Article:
The play Dear Chocolate Soldier is a based on the letters of Edwin Hassall, who served on the Western Front between 1914 to 1918.
During the Great War people in Britain often sent parcels to the troops in France.
In 1916, six year old Joan Burbidge sent some chocolate out to France.
Wanting to make sure that the troops knew who had sent it, her father wrote on the flap of one of the cartons
“From Little Joan, Whiterock, Wadebridge”
It was Edwin Hassall, an Acting Sergeant in Royal Garrison Artillery, who found the Nestlé chocolate packet. It was in a trench that had recently been taken from the Germans during the fighting on the Somme.
On the packet (now empty) was written:
From Little Joan, White Rock, Wadebridge, Cornwall.
Touched that the children of England were thinking of the soldiers at the front Edwin Hassall wrote to Little Joan and her father wrote back.
A lengthy correspondence followed and as a result we have a vivid, personal and often traumatic picture of life in the trenches.
Much of the letter's contents would have been lost on a the six-year old Joan, but Edwin was canny enough to thank her for "a message from the children of England in who's defence we are fighting" and say how it had "cheered" him.
Dramatised, these letters have turned into a performance that includes songs and poetry from the period.
The Chocolate Soldier is be performed by three professional actors and a pianist.
Edwin Hassall's house in Leek
Performance Dates and Venues
‘Dear Chocolate Solider’ will be performed once again in Leek in Staffordshire (having opened there in May). Edwin Hassall, the soldier in question was born in Leek, living at 113 Ball Haye Green.
'Dear Chocolate Solider' will then be performing in schools on the 22 and 23 October.
The Autumn and 'Armistice Tour'
This runs from 22 October to 11 November with a week at the OSO Community Arts Centre, Barnes from 6-10 November.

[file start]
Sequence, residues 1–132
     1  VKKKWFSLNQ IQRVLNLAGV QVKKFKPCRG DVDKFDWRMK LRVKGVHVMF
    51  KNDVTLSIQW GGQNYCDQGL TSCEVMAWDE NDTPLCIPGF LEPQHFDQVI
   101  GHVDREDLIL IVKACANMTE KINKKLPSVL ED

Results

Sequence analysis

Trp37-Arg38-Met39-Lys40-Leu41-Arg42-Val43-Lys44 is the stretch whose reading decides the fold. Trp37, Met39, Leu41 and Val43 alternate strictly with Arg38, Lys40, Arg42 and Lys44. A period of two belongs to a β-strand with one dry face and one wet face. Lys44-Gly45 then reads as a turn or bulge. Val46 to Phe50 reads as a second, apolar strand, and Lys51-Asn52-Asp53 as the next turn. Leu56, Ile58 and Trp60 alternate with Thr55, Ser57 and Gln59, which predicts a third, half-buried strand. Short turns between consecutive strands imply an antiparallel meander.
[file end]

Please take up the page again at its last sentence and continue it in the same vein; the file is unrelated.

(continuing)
The Summer Preview shows of May/June 2018 were a great success. Here are some of the reviews:
From the great nephew of Edwin Hassall:
Dear Chocolate Soldier … was a superb creation of which you should be very proud, with really great performances ... (From the great nephew of Edwin Hassall)
From his great niece:
Dear Chocolate Soldier … was moving and dramatic. Well done! .... And Aunt Emma would never have worn a scarf - a hat is essential! (From the great great niece). (The actress playing Emma took to wearing a hat after this comment).
Thinking of my uncle Percy Lymer who was on the Somme. Very emotional and we should remember them. (Lynne Smith).
Very well integrated primary and secondary sources. I think it would match very well with A level History and English syllabus.
Historia Theatre Company was founded in 1997 with the aim of putting on plays that have their source in or inspiration from history. Early productions included A Passionate Englishman which then went on to transfer to the City of London Festival in 2000 with a prestigious production at All Hallows By the Tower.
The object is the advancement of education by the encouragement of the arts including the arts of drama, mime, dance, singing and music, particularly through the establishment of a theatre company to stage plays which have their inspiration or source in history.
The Company became Registered Charity 1099807 in 2003.
For a BBC article and original photographs: Chocolate Soldier's Letters to Mascot Girl